Scientists say 'pings' were NOT from missing plane and slam search as a 'debacle'
The frantic search for missing plane MH370 has been hampered by a premature announcement that a black box had been found, it has been claimed.
Underwater scientists say 'pings' picked up by a US locater were not from the missing Malaysian Airlines craft as announced by Australian Prime Minister Tony Abbott.
Acoustic experts told The Courier Mail they were likely from a man-made source because they were too far apart and at the wrong frequency.
"As soon as I saw the frequency and the distance between the pings I knew it couldn't be the aircraft pinger," one of the scientists, who did not wish to be named, said.
The underwater drone Bleufin-21 will continue scouring the Indian Ocean next week near to where the pings were detected over a month ago.
The experts said a failure so far to find any trace of the jetliner supports their claims.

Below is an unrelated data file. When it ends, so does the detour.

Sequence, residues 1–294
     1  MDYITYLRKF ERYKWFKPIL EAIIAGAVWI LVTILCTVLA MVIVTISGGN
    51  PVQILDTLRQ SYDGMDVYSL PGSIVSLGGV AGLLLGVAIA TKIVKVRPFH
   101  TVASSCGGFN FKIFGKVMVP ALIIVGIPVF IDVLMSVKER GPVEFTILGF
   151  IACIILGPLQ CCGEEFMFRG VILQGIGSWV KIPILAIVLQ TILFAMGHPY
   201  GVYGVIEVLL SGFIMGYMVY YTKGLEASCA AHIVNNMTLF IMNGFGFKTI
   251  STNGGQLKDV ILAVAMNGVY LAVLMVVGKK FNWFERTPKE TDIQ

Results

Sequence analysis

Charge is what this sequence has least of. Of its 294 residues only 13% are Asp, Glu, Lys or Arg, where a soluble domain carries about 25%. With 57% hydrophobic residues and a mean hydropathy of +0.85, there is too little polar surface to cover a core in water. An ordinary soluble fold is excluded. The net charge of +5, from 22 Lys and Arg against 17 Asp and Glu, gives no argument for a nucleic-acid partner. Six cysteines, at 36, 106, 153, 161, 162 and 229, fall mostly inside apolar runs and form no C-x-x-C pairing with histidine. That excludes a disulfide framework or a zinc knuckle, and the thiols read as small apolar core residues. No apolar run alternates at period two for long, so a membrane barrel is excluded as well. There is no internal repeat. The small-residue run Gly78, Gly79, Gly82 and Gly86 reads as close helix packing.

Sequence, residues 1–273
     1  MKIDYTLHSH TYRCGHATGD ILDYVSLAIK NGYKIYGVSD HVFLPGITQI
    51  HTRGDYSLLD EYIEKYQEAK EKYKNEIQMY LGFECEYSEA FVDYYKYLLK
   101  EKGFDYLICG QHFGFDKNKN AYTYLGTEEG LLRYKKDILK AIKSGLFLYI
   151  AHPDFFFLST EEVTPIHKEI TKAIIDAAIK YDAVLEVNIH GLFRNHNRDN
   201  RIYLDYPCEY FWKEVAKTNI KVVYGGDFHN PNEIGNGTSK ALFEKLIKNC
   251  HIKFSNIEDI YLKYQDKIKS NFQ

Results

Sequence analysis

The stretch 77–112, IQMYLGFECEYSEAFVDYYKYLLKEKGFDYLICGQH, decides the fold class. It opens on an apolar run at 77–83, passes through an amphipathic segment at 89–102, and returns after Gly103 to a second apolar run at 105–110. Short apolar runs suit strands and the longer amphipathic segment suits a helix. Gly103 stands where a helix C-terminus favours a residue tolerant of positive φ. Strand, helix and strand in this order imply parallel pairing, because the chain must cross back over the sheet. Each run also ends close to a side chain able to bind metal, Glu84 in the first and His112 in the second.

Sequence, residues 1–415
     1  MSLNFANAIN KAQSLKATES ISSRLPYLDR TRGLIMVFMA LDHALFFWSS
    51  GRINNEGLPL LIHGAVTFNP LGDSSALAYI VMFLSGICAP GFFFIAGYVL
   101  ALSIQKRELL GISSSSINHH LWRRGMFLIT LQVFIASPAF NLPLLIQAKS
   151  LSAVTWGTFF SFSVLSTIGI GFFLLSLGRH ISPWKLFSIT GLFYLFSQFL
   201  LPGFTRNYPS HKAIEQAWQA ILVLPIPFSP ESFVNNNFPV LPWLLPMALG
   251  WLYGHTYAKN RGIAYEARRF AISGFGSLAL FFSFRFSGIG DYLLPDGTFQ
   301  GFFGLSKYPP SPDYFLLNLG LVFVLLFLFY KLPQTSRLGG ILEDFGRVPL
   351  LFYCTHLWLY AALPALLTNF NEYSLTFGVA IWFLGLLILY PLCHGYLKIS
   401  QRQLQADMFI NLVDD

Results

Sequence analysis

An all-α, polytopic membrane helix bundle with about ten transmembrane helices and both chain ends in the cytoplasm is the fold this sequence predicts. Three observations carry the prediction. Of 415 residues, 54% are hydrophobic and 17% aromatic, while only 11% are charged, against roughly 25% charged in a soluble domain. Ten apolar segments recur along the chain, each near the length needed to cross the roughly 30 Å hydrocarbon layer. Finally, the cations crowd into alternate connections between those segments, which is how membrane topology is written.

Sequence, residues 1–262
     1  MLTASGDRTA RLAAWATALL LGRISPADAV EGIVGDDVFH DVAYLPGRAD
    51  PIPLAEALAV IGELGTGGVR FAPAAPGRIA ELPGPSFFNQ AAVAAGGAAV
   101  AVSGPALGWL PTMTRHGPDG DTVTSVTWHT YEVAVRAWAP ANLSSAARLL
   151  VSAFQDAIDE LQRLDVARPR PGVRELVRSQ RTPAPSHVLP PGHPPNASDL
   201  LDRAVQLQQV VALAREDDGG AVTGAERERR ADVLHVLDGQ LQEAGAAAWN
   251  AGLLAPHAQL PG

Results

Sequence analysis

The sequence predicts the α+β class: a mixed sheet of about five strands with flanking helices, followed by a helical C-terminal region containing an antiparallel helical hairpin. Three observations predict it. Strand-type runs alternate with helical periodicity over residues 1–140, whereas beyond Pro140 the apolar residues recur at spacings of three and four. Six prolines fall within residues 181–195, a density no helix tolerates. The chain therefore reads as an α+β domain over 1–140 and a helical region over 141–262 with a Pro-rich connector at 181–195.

They also said the 33.3 kilohertz frequency of the signal was very different to the 37.5 kilohertz generated by underwater acoustic beacons. The signals were also detected days apart.
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Scientists said detailed analysis of the signals had not been undertaken when Mr Abbott made the announcement in China on April 11.
The Australian Prime Minister said at the time: "We are confident that we know the position of the black box flight recorder to within some kilometres."
The Joint Agency Coordination Centre said the signals were "believed to be" consistent with the Flight Data Recorder.
Agency head Air Chief Marshal Angus Houston said the signals were still being looked at to ensure nothing had been missed.
An archaeologist earlier claimed the pings may have come from satellite tracking devices on marine animals.
The Malaysian Airlines flight was carrying 239 passengers and crews when it disappeared on March 8.
Since then, no trace of the jet liner has been found despite a massive search operation.
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MH370 Malaysian Airlines Missing flight pings